abstract = "We report that albumin is translocated to the nucleus in response to oxidative stress. Prior measurements have demonstrated that in concert with known transcription factors albumin binds to an antioxidant response element, which controls the expression of glutathione S-transferase and other antioxidant enzymes that function to mediate adaptive cellular responses [Holderman, M. T., Miller, K. P., Dangott, L. J., and Ramos, K. S. (2002) Mol. Pharmacol. 61, 1174-1183]. To investigate the mechanisms underlying this adaptive cell response, we have identified linkages between calcium signaling and the nuclear translocation of albumin in JB6 epithelial cells. Under resting conditions, albumin and the calcium regulatory protein calmodulin (CaM) co-immunoprecipitate using antibodies against either protein, indicating a tight association. Calcium activation of CaM disrupts the association between CaM and albumin, suggesting that transient increases in cytosolic calcium levels function to mobilize intracellular albumin to facilitate its translocation into the nucleus. Likewise, nuclear translocation of albumin is induced by exposure of cells to hydrogen peroxide or a phorbol ester, indicating a functional linkage between reactive oxygen species, calcium, and PKC-signaling pathways. Inclusion of an antioxidant enzyme (i.e., superoxide dismutase) blocks nuclear translocation, suggesting that the oxidation of sensitive proteins functions to coordinate the adaptive cellular response. These results suggest that elevated calcium transients and associated increases in reactive oxygen species contribute to adaptive cellular responses through the mobilization and nuclear translocation of cellular albumin.",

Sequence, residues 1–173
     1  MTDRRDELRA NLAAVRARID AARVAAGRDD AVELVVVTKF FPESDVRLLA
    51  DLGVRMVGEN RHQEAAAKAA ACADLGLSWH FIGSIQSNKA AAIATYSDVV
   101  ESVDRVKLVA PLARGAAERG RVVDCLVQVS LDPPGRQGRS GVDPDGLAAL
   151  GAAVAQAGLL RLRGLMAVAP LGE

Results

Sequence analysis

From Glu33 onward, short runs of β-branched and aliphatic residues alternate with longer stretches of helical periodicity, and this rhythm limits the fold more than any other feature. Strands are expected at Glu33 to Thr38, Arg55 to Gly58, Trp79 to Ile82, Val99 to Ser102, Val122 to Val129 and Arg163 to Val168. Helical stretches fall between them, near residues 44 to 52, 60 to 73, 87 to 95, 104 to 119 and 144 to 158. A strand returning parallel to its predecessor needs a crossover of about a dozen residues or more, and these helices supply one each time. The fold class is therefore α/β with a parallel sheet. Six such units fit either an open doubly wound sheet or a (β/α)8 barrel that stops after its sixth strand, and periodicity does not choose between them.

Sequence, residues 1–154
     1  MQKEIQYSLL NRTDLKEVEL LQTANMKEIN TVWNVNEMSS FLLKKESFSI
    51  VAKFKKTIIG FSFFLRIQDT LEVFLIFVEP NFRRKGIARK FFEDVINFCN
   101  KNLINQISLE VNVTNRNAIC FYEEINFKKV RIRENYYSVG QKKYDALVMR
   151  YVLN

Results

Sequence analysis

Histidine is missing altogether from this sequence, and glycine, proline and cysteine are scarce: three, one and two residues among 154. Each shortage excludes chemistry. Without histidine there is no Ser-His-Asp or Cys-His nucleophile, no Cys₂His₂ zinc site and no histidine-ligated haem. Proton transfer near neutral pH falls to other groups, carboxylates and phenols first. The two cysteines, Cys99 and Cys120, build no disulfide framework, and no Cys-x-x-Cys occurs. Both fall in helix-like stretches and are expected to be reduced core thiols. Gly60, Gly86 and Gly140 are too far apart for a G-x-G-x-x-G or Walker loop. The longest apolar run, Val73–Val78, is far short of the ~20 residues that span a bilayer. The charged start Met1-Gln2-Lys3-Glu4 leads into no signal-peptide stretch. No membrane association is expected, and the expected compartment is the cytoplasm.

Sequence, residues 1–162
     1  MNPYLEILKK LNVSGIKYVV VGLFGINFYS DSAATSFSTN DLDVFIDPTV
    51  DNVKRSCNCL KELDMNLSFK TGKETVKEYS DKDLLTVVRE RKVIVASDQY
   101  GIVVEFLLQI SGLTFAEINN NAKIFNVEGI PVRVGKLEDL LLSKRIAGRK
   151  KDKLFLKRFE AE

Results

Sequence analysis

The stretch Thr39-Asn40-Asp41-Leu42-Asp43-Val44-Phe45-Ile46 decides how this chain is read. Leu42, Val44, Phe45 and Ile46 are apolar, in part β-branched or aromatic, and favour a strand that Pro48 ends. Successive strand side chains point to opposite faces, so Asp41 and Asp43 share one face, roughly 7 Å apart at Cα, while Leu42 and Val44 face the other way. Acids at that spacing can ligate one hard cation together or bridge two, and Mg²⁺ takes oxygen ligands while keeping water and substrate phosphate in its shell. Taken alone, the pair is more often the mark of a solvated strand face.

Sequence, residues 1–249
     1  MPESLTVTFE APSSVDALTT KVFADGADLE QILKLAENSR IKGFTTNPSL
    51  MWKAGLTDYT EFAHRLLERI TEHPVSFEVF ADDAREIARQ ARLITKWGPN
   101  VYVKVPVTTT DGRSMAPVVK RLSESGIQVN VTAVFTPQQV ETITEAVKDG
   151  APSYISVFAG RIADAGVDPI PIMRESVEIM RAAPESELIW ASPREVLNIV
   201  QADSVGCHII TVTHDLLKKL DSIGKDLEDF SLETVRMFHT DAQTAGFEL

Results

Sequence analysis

author = "Weber, {Thomas J.} and Sewite Negash and Heather Smallwood and Ramos, {Kenneth S.} and Thrall, {Brian D.} and Squier, {Thomas C.}",
year = "2004",
month = "6",